Utilizing our skill, knowledge, and experience to find the best solution for you

EEOC sues South Florida hospital for disability discrimination

On Behalf of | Apr 26, 2013 | Workplace Discrimination |

A South Florida hospital system has been sued by the U.S. Equal Employment Opportunity Commission for allegedly discriminating against a physician. The Miami-based Baptist Health South Florida is accused of practicing disability discrimination by refusing to honor a reasonable scheduling request from a doctor who has a disability.

The woman was reportedly a new hire at a facility in Coral Gables. She has epilepsy, and due to this condition she could not work more than 8-hour days. She disclosed this information during the hiring process, but soon after she started working for the hospital her supervisor altered her schedule and forced her to work more hours.

This caused the woman’s health to deteriorate, and she ultimately spoke with the hospital’s management and filed another request for a reasonable accommodation to her work schedule. Under the Americans with Disabilities Act employers are required to make reasonable accommodations for employees and job applicants with disabilities. The woman’s request, however, was denied and days later she was fired.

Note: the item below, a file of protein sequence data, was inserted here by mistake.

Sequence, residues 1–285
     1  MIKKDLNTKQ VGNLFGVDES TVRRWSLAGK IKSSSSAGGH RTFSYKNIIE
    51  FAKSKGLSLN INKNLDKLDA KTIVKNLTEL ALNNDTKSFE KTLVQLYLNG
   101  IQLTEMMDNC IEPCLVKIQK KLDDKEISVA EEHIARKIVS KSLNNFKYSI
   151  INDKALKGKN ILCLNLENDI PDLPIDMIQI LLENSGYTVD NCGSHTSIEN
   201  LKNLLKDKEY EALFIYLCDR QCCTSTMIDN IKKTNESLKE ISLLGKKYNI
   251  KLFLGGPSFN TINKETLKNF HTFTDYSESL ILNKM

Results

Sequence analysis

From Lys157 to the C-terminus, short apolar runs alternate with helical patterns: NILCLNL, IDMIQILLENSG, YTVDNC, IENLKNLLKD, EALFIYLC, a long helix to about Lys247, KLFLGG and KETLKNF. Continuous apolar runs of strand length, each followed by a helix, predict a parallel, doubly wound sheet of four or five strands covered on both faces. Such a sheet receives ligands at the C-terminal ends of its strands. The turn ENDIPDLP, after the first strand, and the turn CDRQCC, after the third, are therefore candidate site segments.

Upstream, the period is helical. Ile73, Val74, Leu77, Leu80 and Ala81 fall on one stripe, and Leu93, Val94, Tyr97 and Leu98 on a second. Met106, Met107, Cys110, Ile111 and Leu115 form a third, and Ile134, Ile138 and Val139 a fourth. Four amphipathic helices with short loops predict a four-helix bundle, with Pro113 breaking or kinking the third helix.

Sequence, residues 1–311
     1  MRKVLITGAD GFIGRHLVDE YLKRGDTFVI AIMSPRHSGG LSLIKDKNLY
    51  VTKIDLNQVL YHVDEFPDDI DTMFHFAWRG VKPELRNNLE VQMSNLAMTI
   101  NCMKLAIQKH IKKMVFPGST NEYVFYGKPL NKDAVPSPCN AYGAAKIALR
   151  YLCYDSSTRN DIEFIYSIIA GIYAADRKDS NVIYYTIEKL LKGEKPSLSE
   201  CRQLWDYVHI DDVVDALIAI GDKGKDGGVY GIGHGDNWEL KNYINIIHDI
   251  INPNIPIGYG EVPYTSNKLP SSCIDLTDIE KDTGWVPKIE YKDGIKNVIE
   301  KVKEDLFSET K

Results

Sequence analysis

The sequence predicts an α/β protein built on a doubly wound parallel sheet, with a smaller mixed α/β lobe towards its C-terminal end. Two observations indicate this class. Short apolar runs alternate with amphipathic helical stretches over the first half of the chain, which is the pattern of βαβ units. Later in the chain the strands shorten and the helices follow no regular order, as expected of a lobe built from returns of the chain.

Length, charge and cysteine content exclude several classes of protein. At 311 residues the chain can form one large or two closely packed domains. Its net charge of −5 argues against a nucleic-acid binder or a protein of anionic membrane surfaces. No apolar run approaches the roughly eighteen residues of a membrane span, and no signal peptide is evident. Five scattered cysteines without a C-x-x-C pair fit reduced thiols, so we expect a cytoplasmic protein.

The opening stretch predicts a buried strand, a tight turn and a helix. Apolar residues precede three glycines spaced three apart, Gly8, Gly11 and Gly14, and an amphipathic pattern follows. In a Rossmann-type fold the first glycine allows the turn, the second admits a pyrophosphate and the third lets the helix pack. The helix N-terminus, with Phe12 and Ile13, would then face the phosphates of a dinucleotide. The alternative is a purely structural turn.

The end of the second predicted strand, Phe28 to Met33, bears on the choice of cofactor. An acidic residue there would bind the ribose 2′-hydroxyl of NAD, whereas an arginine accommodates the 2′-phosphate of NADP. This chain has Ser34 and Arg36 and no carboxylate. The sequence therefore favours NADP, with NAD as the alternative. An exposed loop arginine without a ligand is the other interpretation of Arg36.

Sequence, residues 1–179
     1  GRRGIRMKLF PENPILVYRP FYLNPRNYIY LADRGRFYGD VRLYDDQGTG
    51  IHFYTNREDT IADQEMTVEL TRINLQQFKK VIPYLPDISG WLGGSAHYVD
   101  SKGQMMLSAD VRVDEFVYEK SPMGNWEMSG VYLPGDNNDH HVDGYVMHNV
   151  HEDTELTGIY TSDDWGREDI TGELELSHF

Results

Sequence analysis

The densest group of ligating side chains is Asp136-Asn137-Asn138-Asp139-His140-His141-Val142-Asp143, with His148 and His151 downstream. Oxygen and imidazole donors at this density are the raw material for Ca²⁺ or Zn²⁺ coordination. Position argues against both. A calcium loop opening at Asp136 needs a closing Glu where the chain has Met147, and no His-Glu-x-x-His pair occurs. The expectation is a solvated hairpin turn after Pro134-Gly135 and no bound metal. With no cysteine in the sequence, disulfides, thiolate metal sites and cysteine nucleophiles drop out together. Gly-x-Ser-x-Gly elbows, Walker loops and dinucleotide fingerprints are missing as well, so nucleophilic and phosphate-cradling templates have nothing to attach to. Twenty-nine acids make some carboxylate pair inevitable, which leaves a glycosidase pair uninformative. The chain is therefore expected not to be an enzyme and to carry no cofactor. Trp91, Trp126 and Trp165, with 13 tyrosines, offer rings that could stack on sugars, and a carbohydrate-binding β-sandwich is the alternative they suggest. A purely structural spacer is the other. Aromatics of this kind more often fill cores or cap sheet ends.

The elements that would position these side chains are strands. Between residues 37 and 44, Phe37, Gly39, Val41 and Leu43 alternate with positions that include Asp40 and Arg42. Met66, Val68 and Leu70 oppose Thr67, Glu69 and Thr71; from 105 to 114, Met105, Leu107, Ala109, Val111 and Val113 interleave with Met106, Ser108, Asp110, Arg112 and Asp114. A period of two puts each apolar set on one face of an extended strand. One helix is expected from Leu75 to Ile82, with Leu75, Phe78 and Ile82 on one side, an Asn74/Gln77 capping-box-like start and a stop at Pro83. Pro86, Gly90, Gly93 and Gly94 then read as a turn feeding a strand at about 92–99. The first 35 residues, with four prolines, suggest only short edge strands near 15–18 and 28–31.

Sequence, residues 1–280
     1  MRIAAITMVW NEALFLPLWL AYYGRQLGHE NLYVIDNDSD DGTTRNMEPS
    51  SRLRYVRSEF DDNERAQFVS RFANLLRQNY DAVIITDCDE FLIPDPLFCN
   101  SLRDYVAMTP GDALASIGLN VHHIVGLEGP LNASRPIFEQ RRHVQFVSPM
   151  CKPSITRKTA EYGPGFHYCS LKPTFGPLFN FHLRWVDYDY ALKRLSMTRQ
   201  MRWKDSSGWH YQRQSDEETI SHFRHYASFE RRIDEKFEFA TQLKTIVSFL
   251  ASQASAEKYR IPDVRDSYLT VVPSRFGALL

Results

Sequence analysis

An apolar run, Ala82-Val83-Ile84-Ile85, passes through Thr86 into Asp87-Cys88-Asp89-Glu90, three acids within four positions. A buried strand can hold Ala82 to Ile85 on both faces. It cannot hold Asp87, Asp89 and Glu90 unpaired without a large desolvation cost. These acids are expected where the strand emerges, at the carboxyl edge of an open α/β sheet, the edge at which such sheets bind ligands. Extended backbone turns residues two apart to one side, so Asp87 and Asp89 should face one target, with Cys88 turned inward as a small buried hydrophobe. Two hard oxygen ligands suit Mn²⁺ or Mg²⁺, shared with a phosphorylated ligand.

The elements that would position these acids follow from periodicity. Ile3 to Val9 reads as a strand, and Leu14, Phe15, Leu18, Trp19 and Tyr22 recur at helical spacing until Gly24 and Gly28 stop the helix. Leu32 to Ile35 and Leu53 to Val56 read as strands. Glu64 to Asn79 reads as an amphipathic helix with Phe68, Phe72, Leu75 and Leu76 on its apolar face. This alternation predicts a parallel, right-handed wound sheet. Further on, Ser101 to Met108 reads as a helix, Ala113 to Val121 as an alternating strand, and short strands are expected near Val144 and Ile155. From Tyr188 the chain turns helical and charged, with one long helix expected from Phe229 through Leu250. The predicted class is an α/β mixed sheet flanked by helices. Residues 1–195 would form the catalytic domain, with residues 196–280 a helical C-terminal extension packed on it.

The EEOC reportedly tried to reach a settlement with the hospital system, but when that failed a lawsuit was filed in U.S. District Court for the Southern District of Florida.

The protections of the ADA are very important, particularly the requirement of reasonable accommodations. When accommodations can be made–such as a modified schedule–with no real harm resulting to the business, employers must make those accommodations. People with disabilities should not face artificial and unnecessary obstacles in employment, and this is why the ADA is so important. Those who are denied reasonable accommodations might benefit from seeking legal advice regarding their rights.

Source: U.S. Equal Employment Opportunity Commission, “Baptist Health South Florida Sued by EEOC for Disability Discrimination,” April 22, 2013